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Reading and Understanding Food Labels and Ingredients

November 22, 2022

Using labels to avoid allergy triggers

The FDA requires that most prepared foods; breads, cereals, canned and frozen foods, snacks, desserts, drinks, etc. be labeled with Nutrition Facts. The goal is to help you make informed choices that will help you maintain or improve your health. When you have food allergies, food label information is not only related to your overall health but can have life altering consequences. 

Unfortunately, food allergies cannot be cured. Currently, the best strategy is to identify and avoid the allergens that trigger your symptoms. The FDAs food labeling regulations are more specific for foods and substances that cause allergies. 

“The law requires that food labels identify the food source of all major food allergens used to make the food. This requirement is met if the common or usual name of an ingredient already identifies that allergen’s food source name (for example, buttermilk). The law also requires that the type of tree nut (for example, almonds, pecans, walnuts), and the species of fish (for example, bass, flounder, cod) and Crustacean shellfish (for example, crab, lobster, shrimp) to be declared.”

Top section of a nutrition fact label
Close up of nutrition facts

Food Labels Identify Eight Major Food Allergens 

The Food Allergen Labeling and Consumer Protection Act of 2004 identified eight major food allergens. When this act was passed, these allergens accounted for 90 percent of food allergies and serious allergic reactions in the U.S. Following is a list of these allergens:

  • Milk – the FDA interprets this as cow’s milk, but proteins found in other milk from animals – goats, sheep, deer and buffalo have similar proteins.
  • Eggs – the FDA interprets this as eggs from chickens
  • Fish
  • Crustacean shellfish
  • Tree Nuts
  • Peanuts
  • Wheat
  • Soybeans

Where can I find information on ingredients that are allergens?

The name of the food source of a major food allergen must appear in one of two ways: in parenthesis following the name of the ingredient. For example, whey would be listed as “whey (milk).” The ingredient can also be listed immediately following or next to the list of ingredients using a “contains” statement. For example “contains milk.”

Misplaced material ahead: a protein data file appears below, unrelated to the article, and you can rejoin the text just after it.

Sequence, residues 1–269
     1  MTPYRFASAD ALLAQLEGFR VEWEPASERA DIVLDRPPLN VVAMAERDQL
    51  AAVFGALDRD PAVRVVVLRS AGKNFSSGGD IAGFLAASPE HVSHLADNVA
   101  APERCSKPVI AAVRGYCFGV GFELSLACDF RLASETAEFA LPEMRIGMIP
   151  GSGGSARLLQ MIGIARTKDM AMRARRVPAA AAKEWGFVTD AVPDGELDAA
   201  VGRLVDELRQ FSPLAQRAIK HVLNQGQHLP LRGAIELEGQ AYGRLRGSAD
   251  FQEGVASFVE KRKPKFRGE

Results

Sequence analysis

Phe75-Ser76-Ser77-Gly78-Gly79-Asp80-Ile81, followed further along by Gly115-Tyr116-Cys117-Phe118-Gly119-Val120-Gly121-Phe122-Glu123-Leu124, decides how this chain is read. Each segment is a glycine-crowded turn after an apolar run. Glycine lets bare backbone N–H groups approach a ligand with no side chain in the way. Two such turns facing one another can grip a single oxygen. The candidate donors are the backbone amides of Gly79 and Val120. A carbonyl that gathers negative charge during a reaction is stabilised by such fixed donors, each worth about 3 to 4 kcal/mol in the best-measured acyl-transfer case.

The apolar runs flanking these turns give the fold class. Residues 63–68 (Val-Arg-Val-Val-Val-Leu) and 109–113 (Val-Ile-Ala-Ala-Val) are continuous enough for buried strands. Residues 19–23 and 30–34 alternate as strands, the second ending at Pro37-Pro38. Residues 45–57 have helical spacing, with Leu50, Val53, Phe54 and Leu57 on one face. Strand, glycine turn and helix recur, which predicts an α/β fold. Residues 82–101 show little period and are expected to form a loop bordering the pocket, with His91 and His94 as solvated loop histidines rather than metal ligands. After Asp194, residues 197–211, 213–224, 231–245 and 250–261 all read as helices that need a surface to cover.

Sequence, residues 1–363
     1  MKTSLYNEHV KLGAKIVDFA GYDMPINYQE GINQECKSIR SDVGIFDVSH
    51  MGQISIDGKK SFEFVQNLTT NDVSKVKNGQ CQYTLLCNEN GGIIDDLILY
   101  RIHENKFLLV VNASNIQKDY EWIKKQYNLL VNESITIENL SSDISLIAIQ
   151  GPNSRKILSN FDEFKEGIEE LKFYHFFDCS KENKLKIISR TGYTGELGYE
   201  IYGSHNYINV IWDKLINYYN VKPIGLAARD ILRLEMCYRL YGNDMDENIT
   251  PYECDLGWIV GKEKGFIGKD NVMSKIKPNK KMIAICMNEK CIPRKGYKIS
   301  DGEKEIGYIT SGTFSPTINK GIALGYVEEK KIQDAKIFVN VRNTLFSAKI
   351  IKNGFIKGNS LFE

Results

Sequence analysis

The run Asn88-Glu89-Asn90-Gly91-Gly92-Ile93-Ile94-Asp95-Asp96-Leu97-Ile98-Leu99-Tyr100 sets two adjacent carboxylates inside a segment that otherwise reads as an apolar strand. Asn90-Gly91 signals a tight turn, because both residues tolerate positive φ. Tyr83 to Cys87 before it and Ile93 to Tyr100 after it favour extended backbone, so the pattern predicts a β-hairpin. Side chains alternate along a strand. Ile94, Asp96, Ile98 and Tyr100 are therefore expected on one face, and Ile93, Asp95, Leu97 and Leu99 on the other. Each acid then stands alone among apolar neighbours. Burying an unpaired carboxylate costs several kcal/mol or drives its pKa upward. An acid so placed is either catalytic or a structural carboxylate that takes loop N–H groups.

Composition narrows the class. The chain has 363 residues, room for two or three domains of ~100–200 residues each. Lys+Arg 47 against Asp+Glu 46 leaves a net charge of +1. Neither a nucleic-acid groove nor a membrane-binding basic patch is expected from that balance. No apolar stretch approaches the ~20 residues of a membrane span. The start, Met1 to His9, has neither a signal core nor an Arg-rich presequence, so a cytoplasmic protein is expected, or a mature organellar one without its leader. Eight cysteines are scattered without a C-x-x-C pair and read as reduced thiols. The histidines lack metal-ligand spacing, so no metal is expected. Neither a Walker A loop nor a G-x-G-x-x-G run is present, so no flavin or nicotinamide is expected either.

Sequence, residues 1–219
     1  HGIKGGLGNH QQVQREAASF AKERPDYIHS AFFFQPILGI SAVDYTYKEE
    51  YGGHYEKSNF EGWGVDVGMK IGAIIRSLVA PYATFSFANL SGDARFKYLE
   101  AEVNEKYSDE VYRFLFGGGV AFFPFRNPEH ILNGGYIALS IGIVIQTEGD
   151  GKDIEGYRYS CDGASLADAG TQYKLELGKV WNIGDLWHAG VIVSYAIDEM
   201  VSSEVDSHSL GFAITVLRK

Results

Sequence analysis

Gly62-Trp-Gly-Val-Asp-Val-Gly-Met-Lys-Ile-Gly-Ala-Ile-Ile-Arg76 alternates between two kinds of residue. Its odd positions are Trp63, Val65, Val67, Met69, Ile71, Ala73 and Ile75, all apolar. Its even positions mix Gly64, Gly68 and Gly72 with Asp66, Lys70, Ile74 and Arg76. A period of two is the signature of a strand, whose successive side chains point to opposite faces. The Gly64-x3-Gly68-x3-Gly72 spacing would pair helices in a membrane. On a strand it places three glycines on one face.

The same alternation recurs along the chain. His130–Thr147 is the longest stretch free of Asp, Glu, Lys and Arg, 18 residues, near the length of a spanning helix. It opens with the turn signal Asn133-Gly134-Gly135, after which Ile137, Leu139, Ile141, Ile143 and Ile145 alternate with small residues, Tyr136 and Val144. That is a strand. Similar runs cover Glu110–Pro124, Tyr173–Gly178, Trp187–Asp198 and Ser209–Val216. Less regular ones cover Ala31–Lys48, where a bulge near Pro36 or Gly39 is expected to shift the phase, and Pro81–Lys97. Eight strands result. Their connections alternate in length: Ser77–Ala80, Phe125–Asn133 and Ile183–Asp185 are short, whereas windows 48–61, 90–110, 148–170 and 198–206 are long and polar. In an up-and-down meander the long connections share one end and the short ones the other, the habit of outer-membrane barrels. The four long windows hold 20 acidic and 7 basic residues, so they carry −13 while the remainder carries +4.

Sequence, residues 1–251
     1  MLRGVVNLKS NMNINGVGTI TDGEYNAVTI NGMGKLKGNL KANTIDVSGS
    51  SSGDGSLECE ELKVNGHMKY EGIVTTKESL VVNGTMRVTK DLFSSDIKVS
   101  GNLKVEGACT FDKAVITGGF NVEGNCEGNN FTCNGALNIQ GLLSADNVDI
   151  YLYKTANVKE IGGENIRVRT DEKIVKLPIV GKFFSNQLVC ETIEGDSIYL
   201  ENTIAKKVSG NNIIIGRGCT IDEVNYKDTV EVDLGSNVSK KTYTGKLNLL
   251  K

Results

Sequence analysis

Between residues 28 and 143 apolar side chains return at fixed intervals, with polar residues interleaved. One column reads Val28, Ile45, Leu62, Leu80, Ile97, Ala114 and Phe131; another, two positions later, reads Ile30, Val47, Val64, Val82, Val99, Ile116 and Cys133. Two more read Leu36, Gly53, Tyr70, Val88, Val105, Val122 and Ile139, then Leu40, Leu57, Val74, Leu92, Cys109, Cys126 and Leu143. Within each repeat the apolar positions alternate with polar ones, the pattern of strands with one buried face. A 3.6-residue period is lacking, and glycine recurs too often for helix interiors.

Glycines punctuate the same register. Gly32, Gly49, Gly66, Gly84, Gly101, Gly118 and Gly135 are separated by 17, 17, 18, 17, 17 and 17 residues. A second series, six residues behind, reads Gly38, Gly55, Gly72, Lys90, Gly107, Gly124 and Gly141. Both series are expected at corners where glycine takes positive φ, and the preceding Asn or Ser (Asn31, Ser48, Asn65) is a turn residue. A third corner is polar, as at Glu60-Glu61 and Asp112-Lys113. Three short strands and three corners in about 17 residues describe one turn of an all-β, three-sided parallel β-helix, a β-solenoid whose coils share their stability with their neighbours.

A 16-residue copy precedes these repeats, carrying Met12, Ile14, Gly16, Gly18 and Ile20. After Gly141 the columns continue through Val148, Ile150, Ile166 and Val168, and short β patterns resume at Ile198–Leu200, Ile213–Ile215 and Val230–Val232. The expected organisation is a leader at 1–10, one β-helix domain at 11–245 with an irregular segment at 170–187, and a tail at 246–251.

Box of packaged food showing through a green magnifying lens that the product may contain traces of tree nut, milk or eggs
Even though your favorite food may look and taste the same, the ingredients can change, so it’s important to check the label for allergens.

What’s the difference between “Contains” and “May Contain”?

  • Contains – the food source names of all major allergens used must be included as ingredients. For example, Contains milk, peanuts.
  • May Contain – this can also be written “produced in a facility.” This label is used if there is a chance the food allergen may be present. For example, plain M&Ms are produced in the same facility as Peanut M&Ms and the label for Plain M&Ms says “may contain peanuts.” May Contain is a voluntary label and not all manufacturers use it. 
How do they label food made in a store vs prepackaged?

Food labeling requirements do extend to businesses that package, label and offer food for consumption. However, the requirements do not apply to food packaged at the point of sale, for example when ordering a sandwich that is made on the spot. 

Check the Label Every Time

Recipes change. Your favorite food may look the same and taste the same, but the ingredients can change and it’s a good idea to always check the label for allergens. 

Sumana Reddy MD, allergy and asthma specialist at AllerVie, headshot
Medically Reviewed By: Sumana Reddy, MD
Reviewed on: Nov. 19, 2022

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Understand Your Reactions

Food allergies cannot be cured but there are solutions for treating reactions and strategies for managing exposure, at home, at work, at school and when eating out. Find an AllerVie Health specialist near you and make an appointment today.

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